Endpoint Security (EDR) Vs Antivirus

EDR was designed under the assumption that the endpoint will, at some point, be breached. Antivirus may provide excellent protection, but if it fails, the organization does not have any visibility into what is happening on the endpoint, and security teams cannot immediately access the endpoint to address a breach. An EDR system starts operating where antivirus fails—as soon as a threat manages to penetrate and infect the endpoint.

What is Antivirus?

This type of software provides endpoint protection at the user level and detects and blocks malware and viruses from network access. Due to its limited capabilities, it is unable to handle modern cybercrime threats including:

  • Advanced Threats: The ability to perceive threats depends on prior knowledge of the threats.
  • Malicious Documents: Threats disguised as harmless documents are undetectable.
  • Polymorphic Malware: The tools relied on by this software can become ineffective due to malware avoiding known signatures.
  • Fileless Malware: Malware can execute in-memory processes to avoid detection by software scanning just files.

The purpose of this software is to identify, block and isolate malicious and intrusive applications to protect legitimate software and data from damage. To offer defense from spyware, adware and malware, additional security technology is necessary as well. Cybercrime tactics can potentially do significant damage to the reputation and internal processes of the company. By itself, this software does not provide an adequate defense. EDR or Endpoint Detection and Response monitors and response continually to minimize cyber threats.

What is EDR?

Endpoint Detection and Response was created for protection against advanced cybercrimes. Systems receive protection prior to, during and after an attack from malware through necessary methodologies and technologies including:

  • Active Defense: The behavioral AI or artificial intelligence detects malicious activity, then flags and eliminates threats including zero-day exploits and file-based malware.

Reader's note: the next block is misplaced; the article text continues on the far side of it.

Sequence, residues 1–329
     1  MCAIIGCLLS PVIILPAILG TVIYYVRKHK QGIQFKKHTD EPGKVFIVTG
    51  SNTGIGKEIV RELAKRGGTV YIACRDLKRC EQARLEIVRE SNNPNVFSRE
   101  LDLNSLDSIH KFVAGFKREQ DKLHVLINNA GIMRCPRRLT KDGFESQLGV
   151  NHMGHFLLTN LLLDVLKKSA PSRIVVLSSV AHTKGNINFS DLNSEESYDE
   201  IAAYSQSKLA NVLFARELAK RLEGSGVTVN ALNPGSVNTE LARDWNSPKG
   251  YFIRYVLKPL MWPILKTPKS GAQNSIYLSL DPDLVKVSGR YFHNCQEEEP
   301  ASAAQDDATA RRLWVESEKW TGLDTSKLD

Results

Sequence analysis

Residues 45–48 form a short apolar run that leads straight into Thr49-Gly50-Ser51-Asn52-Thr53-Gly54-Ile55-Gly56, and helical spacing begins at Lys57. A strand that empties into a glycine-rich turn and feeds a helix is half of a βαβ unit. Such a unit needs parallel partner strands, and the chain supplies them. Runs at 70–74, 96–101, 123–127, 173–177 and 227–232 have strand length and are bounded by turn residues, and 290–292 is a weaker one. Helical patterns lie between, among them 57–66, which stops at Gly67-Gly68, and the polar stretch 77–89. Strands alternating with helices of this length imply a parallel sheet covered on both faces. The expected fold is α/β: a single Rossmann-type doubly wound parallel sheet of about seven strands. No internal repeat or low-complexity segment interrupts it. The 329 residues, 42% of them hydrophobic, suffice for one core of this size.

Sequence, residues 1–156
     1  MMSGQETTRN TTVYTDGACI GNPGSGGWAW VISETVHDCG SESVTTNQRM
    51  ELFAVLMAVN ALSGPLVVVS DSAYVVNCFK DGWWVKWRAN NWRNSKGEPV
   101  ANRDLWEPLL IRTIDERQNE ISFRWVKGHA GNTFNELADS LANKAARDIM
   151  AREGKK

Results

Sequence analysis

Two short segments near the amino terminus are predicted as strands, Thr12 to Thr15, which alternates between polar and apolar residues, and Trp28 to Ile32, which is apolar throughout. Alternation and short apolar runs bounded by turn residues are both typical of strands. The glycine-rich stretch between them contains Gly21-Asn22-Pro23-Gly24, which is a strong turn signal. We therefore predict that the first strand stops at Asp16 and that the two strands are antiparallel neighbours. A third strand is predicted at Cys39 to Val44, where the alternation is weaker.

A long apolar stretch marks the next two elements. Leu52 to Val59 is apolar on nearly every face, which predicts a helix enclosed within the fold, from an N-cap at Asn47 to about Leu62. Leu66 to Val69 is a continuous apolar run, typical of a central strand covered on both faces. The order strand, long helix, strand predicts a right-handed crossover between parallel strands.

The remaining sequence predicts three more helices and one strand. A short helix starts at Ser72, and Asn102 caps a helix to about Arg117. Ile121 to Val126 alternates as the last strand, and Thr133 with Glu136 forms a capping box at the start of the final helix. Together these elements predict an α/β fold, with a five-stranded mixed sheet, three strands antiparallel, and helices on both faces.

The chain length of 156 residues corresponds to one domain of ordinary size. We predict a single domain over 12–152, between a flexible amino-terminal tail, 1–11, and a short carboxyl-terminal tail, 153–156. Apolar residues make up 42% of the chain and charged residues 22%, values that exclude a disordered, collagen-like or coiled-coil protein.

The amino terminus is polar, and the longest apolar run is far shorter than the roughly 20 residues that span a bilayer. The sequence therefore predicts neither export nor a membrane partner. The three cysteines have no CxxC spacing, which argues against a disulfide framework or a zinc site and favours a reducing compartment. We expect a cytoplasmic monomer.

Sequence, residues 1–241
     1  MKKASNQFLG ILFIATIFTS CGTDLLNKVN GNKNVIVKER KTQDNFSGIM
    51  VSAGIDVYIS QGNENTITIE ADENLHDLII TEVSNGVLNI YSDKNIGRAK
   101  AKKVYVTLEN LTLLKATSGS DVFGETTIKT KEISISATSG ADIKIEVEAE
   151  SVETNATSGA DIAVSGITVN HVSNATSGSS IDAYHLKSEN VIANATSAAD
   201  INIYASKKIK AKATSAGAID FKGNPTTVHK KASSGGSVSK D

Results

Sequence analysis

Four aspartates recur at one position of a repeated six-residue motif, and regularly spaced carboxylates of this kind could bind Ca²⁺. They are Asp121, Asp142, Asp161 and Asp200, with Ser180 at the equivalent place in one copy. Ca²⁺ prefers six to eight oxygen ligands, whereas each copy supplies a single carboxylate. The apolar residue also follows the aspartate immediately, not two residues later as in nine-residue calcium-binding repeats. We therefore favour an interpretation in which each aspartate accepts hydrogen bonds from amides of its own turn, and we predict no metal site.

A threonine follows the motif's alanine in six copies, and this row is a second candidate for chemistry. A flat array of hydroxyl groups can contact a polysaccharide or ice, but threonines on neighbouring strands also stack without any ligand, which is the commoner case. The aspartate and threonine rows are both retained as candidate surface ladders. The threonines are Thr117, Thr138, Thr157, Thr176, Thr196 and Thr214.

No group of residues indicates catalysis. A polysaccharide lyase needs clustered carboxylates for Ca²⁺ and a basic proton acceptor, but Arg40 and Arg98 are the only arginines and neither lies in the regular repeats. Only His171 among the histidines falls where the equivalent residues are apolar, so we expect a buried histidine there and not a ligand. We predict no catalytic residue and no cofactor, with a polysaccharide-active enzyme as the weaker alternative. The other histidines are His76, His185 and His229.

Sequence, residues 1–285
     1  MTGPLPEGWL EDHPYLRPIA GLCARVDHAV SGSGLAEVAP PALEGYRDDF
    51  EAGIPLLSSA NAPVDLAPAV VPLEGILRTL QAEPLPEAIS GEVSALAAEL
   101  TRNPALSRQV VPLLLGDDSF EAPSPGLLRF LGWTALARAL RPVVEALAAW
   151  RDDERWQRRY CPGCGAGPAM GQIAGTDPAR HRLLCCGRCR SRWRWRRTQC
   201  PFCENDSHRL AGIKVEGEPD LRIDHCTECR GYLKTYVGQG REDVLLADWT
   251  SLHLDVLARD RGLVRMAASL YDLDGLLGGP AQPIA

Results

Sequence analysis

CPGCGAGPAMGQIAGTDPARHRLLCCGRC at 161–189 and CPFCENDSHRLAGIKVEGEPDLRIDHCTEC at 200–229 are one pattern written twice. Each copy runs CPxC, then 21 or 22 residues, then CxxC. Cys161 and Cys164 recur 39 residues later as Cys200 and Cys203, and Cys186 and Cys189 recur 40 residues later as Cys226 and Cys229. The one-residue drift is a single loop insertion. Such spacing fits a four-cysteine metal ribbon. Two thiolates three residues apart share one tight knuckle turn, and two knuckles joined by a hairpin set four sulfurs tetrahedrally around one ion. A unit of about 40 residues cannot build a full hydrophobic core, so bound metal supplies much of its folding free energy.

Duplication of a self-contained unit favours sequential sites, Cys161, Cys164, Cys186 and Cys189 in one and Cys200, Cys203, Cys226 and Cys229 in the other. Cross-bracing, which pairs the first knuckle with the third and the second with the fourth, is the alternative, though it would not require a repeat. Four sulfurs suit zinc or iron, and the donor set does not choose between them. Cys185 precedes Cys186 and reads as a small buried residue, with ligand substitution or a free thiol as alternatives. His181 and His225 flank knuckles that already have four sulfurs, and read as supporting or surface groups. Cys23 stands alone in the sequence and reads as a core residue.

• Passive Protection: Static AI monitors systems for malware signs to eliminate performing ongoing scans.
  • After an Attack: The automated response system and endpoint detection gather forensic data to prevent damage from a wide range of threats. This includes:
    • Exploits: Exploits can be hidden by cybercriminals in Adobe files, spear-phishing emails, Office documents and automated macros in addition to penetrating systems while on the internet.
    • Malware: Endpoint Detection and Response keeps conventional malware including ransomware, backdoors, trojans, memory-only and worms off the systems.

Antivirus vs EDR


    • Monitoring networks in real-time to observe all ongoing processes for the prevention of new threats.
    • Ransomware threats are mitigated when devices are rolled back to a pre-infection state.
    • Detecting and preventing both emerging and current threats through continually improved and updated artificial intelligence.
    • Detection of threats and real-time monitoring are included such as threats not defined by standard virus software and those difficult to recognize.
    • Endpoint Detection and Response is behavior-based; This means unknown threats can be detected based on abnormal behavior.
  • Analysis and data collection determine threat patterns to ensure the organization receives alerts for threats.



  • Threats are detected through regular scanning to protect devices against known malware.
  • Provides warnings regarding potentially malicious sites.
  • Helps remove basic viruses including trojans, adware, spyware, worms and malware.
  • To ensure that files are safe without causing any disturbance to the user’s system, infected or suspect things are quarantined or isolated.


  • inability to roll devices back to the pre-infection state.
  • No capabilities for the identification of new threats, leaving the user unprepared for the mitigation of the most recent cybercriminals’ strategies.
  • There is an entry point for active cybercriminals with new threats.
  • Weekly or daily scans are necessary for effectiveness. This increases the risk of slower device performance.


  • Kaspersky
  • Trend Micro
  • ESET
  • Symantec
  • McAfee


In conclusion, Endpoint Security protects computer networks with remote bridges to a variety of client devices.

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